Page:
• The controller 20 further functions as a servo control means which, on the basis of the overflow signal/empty signal supplied from the RAM control signal processor 22, executes on/off control of a spindle servo signal processor (first servo means) 18 for controlling the rotation speed of the spindle motor 2, and also on/off control of an optical-unit servo signal processor (second servo means) 26 for controlling the tracking, focus and sled servo system relative to the operation of the pickup 3.
  • More specifically, the controller 20 turns off the spindle servo signal processor 18 and the optical-unit servo signal processor 26 in response to an overflow signal outputted from the RAM control signal processor 22, or turns on the spindle servo signal processor 18 and the optical-unit servo signal processor 26 in response to an empty signal outputted from the RAM control signal processor 22.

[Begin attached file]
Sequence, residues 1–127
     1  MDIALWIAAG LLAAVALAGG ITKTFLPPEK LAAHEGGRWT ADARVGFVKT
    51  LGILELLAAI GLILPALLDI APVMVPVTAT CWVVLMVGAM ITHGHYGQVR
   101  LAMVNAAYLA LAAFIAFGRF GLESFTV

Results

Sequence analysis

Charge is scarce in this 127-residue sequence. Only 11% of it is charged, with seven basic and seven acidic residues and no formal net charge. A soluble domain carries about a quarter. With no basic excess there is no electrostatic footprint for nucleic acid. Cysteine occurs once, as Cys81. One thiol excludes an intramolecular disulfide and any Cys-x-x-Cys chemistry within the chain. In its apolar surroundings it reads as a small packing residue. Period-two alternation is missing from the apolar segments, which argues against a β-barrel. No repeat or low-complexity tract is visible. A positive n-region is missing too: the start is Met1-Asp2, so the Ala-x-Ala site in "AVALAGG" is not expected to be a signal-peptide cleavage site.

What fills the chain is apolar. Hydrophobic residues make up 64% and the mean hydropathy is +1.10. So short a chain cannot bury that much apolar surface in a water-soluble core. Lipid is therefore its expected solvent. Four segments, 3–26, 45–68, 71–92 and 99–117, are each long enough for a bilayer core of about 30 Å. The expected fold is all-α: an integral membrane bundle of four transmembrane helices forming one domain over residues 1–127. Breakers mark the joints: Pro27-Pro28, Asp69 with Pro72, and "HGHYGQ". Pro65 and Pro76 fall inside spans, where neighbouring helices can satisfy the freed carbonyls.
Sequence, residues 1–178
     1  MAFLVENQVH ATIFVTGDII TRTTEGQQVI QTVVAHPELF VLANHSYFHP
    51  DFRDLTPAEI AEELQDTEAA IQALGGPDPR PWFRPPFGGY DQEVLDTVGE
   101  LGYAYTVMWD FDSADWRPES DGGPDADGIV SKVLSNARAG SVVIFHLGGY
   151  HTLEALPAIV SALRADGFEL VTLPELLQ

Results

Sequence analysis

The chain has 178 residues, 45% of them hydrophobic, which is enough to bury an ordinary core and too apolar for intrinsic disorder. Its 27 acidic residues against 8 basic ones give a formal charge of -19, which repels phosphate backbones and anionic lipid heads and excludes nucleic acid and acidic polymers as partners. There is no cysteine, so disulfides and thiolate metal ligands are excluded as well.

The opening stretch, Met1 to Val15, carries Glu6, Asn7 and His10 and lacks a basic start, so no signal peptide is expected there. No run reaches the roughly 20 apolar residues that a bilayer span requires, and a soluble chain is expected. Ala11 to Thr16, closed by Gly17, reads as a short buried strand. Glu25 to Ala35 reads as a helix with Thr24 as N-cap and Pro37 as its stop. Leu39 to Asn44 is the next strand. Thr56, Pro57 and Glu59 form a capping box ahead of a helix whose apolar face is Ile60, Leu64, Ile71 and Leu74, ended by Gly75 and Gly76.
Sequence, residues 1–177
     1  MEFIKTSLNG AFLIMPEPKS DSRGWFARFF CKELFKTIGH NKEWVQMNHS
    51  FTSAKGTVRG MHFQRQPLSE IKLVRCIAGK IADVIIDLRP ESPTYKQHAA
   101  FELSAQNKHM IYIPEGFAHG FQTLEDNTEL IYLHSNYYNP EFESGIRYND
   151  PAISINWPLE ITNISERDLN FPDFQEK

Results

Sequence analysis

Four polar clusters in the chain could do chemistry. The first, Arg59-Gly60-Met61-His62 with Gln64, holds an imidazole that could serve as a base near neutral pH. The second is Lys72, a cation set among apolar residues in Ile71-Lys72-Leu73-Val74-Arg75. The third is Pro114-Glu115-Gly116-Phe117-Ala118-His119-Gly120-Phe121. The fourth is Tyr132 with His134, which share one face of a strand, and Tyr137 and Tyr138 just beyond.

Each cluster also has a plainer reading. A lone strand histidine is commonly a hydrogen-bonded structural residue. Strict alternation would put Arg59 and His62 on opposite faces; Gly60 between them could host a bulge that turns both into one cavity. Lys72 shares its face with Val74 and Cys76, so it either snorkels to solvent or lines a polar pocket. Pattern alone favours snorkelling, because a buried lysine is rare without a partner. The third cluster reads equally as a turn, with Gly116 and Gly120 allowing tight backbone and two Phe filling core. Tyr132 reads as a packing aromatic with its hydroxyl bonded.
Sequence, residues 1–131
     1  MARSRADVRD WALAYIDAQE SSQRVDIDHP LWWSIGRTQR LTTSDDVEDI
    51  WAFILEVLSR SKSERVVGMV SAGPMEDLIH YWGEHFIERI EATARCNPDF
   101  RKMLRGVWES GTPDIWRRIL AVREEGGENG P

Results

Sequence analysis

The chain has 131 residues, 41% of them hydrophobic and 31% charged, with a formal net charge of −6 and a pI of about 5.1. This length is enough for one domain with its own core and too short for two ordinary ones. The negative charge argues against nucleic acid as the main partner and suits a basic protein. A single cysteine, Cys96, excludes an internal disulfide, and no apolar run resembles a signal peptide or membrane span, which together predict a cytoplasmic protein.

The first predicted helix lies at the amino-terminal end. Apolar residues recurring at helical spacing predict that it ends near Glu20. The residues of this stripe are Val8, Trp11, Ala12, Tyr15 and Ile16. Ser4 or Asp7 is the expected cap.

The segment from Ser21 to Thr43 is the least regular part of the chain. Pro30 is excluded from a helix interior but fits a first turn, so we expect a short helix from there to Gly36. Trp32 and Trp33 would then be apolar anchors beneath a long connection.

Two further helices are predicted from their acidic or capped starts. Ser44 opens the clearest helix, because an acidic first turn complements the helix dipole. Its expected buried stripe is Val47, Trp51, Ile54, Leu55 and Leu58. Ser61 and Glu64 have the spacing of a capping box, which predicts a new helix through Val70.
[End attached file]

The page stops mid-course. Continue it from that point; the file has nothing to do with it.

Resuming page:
• The DSP 10 includes a spindle servo signal processor (rotation servo circuit) 18 for controlling the rotation of the spindle motor 2 on the basis of the phase difference between a reproduced clock signal and a reference clock signal.
  • The optical-unit servo signal processor 26 functions to control the individual servo systems relative to the operations of the pickup 3, i.e., the tracking servo system for enabling the data-reading light spot to follow the record track on the disk 1, the focus servo system for continuously focusing the light spot on the signal plane of the disk 1, and the sled servo system for controlling the position of the pickup 3 in the radial direction of the disk.
  • Fig. 3 is a block diagram of the spindle servo signal processor (rotation servo circuit) 18 of the invention.